“The Oldest Living Things in the World”
By Rachel Sussman
University Of Chicago Press, 304pp | Buy on Amazon

When Rachel Sussman takes pictures of the oldest living things in the world, something spectacular happens; not only does she capture the resilience of adaptability of life, but she also captures its vulnerability – and indirectly, our vulnerability. It’s humbling to see a tree that has been around for more than 2,000 years, but it’s even more so to see a bacteria that’s been alive since the emergence of Homo sapiens. It just gives you a sense of how passing life can be.

“The oldest living things in the world are a record and celebration of the past, a call to action in the present, and a barometer of our future”, she writes in the introduction.

But what made me like this book even more was that it wasn’t just documenting the oldest species in the world – this isn’t strictly a science project, it’s also art; and for every species that was photographed and documented (and even for some which weren’t), there’s a good story. As a matter of fact, the entire book is written so personally it’s almost like a travel diary. Everything is presented in a candid way, from when the author hard to kill a trout to eat it to when she had a coral living inside her for several months. The journey took her all over the world, from Greenland to Australia in the quest to unearth the oldest living things, and while the project is still a work in progress, it’s clear that it is already successful.

The book should be a delightful read for anyone. It’s easy to understand, you learn a lot of things, and it’s fun. It’s a worthy addition to any bookshelf. So, instead of saying more about the book, I’m actually gonna actually present some of the oldest living things in the world, to spark your interest. These are just a few of the species in the book, with a short description:

Welwitschia Mirabilis (2,000 years old)

This spectacular plant only has two leaves. The green mass you see here is those two leaves reaching an enormous size. They eventually grow to a length of 2–4 m and usually become split, frayed and shredded into several well-separated strap-shaped sections.


Armillaria Mushroom (2,400 years old)

Armillaria is a parasitic mushroom – the only species on the list purposely destroyed by humans, as it can cause massive damage to forests. Armillarias are long lived and form some of the largest living organisms in the world. The largest single organism (of the species Armillaria solidipes) covers more than 3.4 square miles (8.8 square km)


Brain Coral (2,000 years old)

Since corals are actually animals, the brain coral is actually the oldest animal on the list (though other corals are even older, living up to 5,000 years). Brain corals extend their tentacles to catch food at night. During the day, they use their tentacles for protection by wrapping them over the grooves on their surface. The surface is hard and offers good protection against fish or hurricanes.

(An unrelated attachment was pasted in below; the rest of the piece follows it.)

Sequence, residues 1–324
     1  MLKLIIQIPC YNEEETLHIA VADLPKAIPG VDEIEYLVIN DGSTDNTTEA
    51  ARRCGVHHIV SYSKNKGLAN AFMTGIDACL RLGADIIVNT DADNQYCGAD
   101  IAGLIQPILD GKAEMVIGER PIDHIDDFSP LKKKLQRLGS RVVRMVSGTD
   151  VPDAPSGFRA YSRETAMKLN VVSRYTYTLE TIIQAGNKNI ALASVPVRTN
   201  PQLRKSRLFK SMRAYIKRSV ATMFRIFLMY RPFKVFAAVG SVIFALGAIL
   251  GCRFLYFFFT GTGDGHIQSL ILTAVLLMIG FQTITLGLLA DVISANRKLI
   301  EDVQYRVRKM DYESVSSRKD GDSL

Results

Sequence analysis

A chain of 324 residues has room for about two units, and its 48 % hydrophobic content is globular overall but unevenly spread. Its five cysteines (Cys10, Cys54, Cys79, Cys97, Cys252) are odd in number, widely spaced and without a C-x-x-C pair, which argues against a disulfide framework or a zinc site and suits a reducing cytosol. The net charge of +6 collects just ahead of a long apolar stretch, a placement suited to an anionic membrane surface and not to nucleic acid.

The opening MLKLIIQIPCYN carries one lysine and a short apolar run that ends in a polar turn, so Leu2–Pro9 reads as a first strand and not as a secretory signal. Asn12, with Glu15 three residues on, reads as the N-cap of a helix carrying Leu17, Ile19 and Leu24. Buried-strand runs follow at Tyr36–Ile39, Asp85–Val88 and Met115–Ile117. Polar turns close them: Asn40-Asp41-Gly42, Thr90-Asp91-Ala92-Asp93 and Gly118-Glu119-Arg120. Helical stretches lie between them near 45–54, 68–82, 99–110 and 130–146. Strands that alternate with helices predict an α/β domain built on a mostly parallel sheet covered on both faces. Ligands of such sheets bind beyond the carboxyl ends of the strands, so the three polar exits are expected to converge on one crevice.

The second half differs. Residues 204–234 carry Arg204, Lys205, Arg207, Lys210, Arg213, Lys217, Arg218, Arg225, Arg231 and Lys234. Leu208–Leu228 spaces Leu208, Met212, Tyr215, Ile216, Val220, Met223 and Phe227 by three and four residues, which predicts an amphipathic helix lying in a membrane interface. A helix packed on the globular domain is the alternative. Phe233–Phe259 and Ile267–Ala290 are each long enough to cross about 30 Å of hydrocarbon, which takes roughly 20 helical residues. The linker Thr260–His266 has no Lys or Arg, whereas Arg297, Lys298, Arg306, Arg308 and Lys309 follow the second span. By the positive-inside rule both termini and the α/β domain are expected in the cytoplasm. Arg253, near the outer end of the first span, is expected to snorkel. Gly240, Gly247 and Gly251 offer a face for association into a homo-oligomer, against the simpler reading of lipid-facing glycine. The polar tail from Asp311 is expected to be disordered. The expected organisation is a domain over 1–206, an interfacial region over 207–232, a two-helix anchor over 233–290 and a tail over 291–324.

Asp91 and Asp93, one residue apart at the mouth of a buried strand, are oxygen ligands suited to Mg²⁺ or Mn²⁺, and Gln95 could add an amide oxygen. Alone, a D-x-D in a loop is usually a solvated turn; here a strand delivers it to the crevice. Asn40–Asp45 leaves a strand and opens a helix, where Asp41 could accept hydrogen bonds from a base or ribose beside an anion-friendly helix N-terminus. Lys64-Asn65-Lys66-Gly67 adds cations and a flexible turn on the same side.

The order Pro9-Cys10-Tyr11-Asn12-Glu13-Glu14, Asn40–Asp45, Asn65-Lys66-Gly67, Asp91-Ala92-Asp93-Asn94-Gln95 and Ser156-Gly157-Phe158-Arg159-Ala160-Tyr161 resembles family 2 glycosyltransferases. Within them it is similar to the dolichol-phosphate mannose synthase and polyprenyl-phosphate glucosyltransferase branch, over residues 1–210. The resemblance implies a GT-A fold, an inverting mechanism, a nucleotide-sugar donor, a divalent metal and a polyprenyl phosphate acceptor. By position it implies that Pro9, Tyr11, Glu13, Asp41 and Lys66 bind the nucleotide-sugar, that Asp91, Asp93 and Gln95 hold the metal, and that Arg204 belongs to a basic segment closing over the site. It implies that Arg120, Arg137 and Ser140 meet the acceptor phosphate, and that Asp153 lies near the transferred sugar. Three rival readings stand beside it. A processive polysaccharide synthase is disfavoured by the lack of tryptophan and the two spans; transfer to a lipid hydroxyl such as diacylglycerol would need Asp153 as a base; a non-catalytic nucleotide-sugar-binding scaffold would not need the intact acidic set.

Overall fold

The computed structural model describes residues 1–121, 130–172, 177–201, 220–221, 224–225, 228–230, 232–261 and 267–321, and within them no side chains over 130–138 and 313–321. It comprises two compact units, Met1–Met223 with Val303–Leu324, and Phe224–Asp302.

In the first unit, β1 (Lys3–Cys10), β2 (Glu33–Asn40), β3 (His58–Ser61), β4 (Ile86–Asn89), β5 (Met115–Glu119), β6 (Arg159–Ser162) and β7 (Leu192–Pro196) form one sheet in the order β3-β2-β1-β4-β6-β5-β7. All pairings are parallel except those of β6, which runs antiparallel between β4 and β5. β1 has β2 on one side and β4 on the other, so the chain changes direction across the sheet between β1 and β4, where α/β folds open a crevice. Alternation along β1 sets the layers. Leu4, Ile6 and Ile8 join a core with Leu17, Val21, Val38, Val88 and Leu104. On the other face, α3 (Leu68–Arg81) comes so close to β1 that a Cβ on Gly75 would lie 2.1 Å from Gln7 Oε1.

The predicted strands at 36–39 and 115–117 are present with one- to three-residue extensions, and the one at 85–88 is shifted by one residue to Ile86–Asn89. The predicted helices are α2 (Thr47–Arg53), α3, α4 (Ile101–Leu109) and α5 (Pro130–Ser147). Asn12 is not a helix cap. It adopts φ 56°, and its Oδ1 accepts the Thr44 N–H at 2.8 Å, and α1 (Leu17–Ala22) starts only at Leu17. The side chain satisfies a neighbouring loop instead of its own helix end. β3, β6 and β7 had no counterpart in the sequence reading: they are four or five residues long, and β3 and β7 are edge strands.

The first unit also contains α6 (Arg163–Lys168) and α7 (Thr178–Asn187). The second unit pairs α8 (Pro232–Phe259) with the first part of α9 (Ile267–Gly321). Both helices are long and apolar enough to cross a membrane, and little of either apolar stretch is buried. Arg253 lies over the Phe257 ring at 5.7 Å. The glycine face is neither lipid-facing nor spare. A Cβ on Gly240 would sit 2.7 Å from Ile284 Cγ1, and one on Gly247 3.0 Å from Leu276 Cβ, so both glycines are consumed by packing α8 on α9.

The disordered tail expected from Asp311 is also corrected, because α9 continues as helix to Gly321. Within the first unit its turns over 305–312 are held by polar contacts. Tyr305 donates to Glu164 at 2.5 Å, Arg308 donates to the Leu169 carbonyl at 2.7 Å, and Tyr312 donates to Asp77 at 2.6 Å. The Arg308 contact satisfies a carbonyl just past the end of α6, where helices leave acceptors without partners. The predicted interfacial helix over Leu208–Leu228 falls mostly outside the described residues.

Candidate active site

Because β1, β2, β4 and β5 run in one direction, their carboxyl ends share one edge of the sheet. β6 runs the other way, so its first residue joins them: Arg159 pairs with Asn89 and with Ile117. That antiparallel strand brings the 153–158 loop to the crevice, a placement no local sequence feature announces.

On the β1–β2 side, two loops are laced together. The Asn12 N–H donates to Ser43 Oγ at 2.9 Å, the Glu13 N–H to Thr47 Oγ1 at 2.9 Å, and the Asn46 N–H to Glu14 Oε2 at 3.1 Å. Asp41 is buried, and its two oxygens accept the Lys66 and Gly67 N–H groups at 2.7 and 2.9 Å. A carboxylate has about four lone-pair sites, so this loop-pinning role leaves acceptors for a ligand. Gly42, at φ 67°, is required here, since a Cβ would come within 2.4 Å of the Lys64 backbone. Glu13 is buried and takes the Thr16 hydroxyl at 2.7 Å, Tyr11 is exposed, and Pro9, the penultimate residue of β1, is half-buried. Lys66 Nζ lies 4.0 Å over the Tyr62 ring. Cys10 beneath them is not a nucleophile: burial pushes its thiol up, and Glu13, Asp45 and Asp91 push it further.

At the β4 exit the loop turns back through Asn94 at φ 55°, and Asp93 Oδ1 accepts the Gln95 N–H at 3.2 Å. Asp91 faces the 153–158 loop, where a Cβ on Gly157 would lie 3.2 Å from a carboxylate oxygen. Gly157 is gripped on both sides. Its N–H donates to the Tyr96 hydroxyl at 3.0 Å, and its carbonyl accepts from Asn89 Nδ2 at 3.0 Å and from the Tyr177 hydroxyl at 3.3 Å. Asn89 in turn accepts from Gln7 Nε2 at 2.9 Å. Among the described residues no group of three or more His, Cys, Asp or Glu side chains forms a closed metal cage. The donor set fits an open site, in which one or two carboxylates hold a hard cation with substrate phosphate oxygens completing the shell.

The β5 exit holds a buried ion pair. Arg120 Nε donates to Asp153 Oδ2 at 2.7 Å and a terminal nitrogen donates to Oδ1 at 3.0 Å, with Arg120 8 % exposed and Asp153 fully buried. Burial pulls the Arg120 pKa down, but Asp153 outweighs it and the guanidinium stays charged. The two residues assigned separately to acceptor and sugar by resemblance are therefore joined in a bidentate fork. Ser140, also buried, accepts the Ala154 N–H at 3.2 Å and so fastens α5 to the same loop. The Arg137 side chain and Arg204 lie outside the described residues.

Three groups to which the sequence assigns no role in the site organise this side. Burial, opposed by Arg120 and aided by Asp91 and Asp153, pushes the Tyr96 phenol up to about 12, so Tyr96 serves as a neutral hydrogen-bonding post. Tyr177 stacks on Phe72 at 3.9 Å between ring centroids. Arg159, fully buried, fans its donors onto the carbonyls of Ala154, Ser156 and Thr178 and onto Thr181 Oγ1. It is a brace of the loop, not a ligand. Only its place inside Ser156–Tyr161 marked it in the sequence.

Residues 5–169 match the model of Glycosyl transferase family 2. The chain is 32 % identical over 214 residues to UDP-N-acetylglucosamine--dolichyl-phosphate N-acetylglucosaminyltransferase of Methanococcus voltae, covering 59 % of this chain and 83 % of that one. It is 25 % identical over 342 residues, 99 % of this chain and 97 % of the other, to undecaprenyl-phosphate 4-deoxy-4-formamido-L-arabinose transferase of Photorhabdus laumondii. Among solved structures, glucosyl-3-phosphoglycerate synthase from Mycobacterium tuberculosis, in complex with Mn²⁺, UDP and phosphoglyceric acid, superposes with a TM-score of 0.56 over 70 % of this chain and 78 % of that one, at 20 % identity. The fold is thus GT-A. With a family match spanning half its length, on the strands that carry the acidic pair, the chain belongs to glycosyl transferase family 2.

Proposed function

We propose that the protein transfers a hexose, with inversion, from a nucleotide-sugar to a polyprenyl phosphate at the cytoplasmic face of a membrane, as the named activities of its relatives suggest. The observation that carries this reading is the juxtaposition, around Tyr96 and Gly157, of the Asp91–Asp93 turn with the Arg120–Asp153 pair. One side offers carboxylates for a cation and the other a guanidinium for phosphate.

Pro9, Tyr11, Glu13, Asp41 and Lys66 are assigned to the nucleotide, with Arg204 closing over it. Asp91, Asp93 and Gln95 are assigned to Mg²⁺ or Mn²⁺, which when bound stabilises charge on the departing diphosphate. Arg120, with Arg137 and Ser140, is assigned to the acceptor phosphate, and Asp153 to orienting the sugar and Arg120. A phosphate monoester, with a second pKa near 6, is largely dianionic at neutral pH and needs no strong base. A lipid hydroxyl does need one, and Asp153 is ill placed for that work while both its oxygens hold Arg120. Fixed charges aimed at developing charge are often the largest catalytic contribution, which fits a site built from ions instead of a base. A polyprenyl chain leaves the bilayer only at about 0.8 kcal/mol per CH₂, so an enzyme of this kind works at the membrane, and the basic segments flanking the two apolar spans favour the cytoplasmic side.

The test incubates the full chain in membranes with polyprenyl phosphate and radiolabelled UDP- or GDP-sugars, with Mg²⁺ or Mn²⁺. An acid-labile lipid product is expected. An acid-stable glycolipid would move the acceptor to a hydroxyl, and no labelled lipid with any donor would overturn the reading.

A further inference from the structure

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La Llareta (3,000 years old)

Llareta is a flowering plant in the family Apiaceae native to South America. It grows in the Puna grasslands of the Andes in Peru, Bolivia, northern Chile, and western Argentina at very high altitudes, between 3,200 and 4,500 metres (10,500 and 14,800 ft).


Olive Tree (3,000 years old)

Bristlecone Pine (up to 5,000 years old)

Spruce Gran Picea (9,550 years old)

The Norway spruce, Picea abies, is a species of spruce native to Central and Eastern Europe. It grows up to 55 m (180 ft) tall. The Norway spruce is one of the most widely planted spruces, both in and outside of its native range, and one of the most economically important coniferous species in Europe.


Antarctic Beech (12,000 years old)

The Antarctic Beech (currently found mostly in Australia has been around since the ancient continent Gondwana, over 500 million years ago.


Lomatia Tasmanica (43,600 years old)

Lomatia tasmanica, commonly known as King’s lomatia, is a Tasmanian shrub from the family Proteaceae. Unfortunately, only one colony of King’s Lomatia is known to be alive in the wild. It is also sometimes called “King’s Holly”, though it is not a holly. Although all the plants are technically separate in that each has its own root system, they are collectively considered to be one of the oldest living plant clones. Each plant’s life span is approximately 300 years, but the plant has been cloning itself for many more years.


Pando, Clonal Colony of Quaking Aspen (80,000 years old)

Also known as The Trembling Giant, Pando is a clonal colony of a single male quaking aspen (Populus tremuloides) determined to be a single living organism by identical genetic markers and assumed to have one massive underground root system. The plant is estimated to weigh collectively 6,000,000 kg (6,600 short tons), making it the heaviest known organism.


Siberian Actinobacteria (400,000 – 600,000 years old)

Quite possibly the oldest living organisms in the world are actinobacteria.